Causeway upgrades in final stages
Traffic freely flowing through Canso Causeway as swing bridge improvements continue
Major components of planned upgrades to the swing bridge at the Canso Causeway have been completed.
The work had interrupted traffic from time-to-time while upgrades were made to the bridge and while causeway and rock work was undertaken along the route that connects Cape Breton to mainland Nova Scotia.
“The biggest part of the schedule was having the canal operational on May 15 of this year at 7:30 in the morning,” said Andrew MacPherson, an engineer with the Department of Transportation and Infrastructure Renewal.
“That was the biggest hurdle and we met that schedule.”
The swing bridge is 60 years old and required significant upgrades to ensure it continues to provide service to all transportation types including vehicular, marine and rail.
The upgrades include structural, mechanical and electrical repairs, and various traffic improvements. It also includes the construction of a new operators’ building adjacent to the swing bridge to allow for increased vertical clearance for high-sided vehicles travelling to Cape Breton.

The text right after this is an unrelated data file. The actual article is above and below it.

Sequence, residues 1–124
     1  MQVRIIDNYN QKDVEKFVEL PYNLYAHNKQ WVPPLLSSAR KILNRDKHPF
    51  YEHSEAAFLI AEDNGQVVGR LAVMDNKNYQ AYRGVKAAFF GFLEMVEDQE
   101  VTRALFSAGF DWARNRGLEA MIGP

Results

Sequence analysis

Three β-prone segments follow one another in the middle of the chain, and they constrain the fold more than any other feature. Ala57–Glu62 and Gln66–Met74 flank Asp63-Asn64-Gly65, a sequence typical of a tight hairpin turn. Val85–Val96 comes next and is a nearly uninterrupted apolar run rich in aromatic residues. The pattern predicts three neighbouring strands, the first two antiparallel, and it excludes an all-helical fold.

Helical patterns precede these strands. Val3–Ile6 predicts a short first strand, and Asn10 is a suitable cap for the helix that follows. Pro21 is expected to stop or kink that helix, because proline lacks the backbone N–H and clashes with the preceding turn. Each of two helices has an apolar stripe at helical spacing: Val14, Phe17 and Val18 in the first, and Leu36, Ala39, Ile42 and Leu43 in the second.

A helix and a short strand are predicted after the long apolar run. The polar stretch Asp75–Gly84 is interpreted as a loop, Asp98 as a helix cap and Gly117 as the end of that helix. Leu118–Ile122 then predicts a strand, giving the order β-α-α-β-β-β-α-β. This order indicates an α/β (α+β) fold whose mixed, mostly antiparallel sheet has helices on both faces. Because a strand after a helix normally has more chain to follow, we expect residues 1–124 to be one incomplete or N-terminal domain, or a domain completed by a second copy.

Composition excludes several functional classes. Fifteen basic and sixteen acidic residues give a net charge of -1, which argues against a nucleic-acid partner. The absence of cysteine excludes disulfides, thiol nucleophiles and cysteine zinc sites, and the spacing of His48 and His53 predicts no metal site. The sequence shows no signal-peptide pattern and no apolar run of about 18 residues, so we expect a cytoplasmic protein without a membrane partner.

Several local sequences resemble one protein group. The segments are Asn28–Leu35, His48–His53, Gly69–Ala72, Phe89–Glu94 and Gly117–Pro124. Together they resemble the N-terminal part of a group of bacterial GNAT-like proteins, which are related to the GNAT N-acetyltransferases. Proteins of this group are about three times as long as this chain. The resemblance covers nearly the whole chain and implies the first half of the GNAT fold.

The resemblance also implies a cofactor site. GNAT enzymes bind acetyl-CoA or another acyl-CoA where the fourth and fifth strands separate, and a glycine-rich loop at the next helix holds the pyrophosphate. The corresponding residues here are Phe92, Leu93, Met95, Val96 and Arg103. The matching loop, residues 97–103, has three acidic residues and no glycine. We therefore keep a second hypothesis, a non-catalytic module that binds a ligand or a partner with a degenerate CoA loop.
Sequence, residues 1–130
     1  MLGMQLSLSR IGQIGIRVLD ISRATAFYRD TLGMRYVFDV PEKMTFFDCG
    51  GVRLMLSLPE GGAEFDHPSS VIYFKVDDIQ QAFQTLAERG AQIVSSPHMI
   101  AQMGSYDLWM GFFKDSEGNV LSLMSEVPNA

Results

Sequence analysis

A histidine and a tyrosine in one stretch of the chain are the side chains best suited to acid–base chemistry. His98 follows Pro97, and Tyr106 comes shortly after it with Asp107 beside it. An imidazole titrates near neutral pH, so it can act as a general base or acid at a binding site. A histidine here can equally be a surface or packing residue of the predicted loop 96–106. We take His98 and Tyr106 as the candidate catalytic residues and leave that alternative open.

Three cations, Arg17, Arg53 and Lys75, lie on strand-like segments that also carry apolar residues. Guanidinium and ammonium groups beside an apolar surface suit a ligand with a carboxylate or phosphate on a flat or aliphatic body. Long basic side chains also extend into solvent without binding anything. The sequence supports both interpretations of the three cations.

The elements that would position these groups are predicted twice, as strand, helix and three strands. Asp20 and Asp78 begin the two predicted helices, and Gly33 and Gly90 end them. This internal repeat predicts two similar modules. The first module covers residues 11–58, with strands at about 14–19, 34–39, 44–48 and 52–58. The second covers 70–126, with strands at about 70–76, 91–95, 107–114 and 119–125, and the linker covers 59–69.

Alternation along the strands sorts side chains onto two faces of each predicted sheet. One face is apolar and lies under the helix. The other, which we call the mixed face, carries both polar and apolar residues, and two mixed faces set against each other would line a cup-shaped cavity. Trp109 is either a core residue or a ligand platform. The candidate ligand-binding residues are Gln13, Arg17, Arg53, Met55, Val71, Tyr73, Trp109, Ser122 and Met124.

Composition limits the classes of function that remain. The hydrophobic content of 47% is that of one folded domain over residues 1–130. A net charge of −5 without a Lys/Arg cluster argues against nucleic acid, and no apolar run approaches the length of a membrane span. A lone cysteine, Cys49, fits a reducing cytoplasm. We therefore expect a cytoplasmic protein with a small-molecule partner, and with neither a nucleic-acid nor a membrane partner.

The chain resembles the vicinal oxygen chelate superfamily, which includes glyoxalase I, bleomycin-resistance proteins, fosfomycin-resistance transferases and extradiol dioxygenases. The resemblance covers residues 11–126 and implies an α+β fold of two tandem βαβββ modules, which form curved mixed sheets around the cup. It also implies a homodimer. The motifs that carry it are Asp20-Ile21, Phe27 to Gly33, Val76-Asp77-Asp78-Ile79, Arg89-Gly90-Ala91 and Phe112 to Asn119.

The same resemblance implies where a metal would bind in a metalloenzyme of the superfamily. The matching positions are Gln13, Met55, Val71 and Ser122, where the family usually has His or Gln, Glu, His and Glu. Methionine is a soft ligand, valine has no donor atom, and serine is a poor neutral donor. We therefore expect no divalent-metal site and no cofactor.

MacPherson said the major components to the bridge upgrades
that have been completed include a new operating system. There’s still some landscaping, cleanup and electrical work to do. Minor work to the
operators building must also be completed, he noted.
The expectation is that the bridge will be easier to operate now, he said. Improvements will
also include a horn that sounds when the canal will open and an improved barrier system for traffic.
“Once they stop there is now a barrier in place that should be able to absorb the full impact of a vehicle if somebody lost control or something like that when the bridge was opening.”
Much of the work was performed while the canal was closed to marine traffic during its regular closure period, Dec. 25 to April 15.
To help reduce vehicular traffic delays, temporary detour bridge and temporary road approaches were put in place.
The only delays expected from now on will be when the bridge must open for marine traffic and an occasional functional test to ensure the system works as expected.
“There’s a lot less of that than there was in the two weeks leading up to it opening,” said MacPherson. “We are functional to marine traffic now. We’ve had six or seven go through and there’s no issues with that.”
In July 2014, the federal government transferred the administration and control of the Canso Causeway to the province. The transfer included federal funding of $9 million toward work on the swing bridge and the causeway.
The contract, worth $8.95 million, was awarded to Allsteel Coatings Ltd.
Work began in January 2016 and is on schedule to conclude this fall.
The swing bridge at the Canso Causeway canal is shown open to allow a boat to pass through. Work on upgrades to the bridge has been ongoing.